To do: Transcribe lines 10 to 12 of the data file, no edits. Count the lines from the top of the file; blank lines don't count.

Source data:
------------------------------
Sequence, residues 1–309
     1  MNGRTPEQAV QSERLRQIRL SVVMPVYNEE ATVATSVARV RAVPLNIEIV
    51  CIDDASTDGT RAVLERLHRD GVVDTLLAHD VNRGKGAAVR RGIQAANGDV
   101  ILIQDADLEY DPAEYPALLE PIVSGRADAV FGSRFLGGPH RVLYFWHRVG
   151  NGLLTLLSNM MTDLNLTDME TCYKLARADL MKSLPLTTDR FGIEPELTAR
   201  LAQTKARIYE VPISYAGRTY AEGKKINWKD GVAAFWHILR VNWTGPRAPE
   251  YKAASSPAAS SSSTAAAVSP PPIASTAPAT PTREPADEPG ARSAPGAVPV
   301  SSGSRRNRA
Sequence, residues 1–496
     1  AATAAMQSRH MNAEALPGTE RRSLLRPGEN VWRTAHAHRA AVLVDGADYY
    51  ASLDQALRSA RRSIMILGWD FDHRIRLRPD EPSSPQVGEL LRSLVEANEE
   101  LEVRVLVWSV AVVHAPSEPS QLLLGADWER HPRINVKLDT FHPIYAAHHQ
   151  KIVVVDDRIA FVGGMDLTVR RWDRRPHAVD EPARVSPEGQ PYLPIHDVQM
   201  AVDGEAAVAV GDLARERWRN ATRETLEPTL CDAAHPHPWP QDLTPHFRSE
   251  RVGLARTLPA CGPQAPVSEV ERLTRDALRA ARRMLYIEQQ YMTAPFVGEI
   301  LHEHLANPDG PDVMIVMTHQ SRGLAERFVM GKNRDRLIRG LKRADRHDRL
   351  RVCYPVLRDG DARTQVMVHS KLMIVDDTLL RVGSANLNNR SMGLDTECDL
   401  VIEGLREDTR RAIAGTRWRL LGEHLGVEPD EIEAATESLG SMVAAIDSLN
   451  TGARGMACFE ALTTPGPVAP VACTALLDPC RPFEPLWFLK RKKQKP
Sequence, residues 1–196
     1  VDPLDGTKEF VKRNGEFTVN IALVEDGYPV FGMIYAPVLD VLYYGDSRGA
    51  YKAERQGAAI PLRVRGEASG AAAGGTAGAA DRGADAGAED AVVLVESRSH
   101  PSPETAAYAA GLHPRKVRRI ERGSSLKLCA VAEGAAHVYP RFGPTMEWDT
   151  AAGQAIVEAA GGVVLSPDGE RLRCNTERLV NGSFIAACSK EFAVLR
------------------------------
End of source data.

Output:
     1  AATAAMQSRH MNAEALPGTE RRSLLRPGEN VWRTAHAHRA AVLVDGADYY
    51  ASLDQALRSA RRSIMILGWD FDHRIRLRPD EPSSPQVGEL LRSLVEANEE
   101  LEVRVLVWSV AVVHAPSEPS QLLLGADWER HPRINVKLDT FHPIYAAHHQ